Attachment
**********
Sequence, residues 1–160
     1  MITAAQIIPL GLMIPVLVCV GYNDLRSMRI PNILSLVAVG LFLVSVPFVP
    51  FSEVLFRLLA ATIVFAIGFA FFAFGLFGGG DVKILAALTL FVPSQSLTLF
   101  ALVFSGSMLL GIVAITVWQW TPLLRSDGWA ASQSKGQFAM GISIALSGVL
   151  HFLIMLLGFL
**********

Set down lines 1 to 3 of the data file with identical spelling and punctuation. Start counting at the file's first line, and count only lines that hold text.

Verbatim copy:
Sequence, residues 1–160
     1  MITAAQIIPL GLMIPVLVCV GYNDLRSMRI PNILSLVAVG LFLVSVPFVP
    51  FSEVLFRLLA ATIVFAIGFA FFAFGLFGGG DVKILAALTL FVPSQSLTLF